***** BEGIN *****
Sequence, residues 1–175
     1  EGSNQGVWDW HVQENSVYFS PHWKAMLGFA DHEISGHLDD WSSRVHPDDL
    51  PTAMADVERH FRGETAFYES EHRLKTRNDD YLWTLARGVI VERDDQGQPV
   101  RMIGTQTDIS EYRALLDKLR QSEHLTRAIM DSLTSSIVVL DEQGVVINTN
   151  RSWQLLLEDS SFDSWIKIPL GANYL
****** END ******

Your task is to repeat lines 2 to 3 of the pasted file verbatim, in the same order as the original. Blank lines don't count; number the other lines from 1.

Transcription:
     1  EGSNQGVWDW HVQENSVYFS PHWKAMLGFA DHEISGHLDD WSSRVHPDDL
    51  PTAMADVERH FRGETAFYES EHRLKTRNDD YLWTLARGVI VERDDQGQPV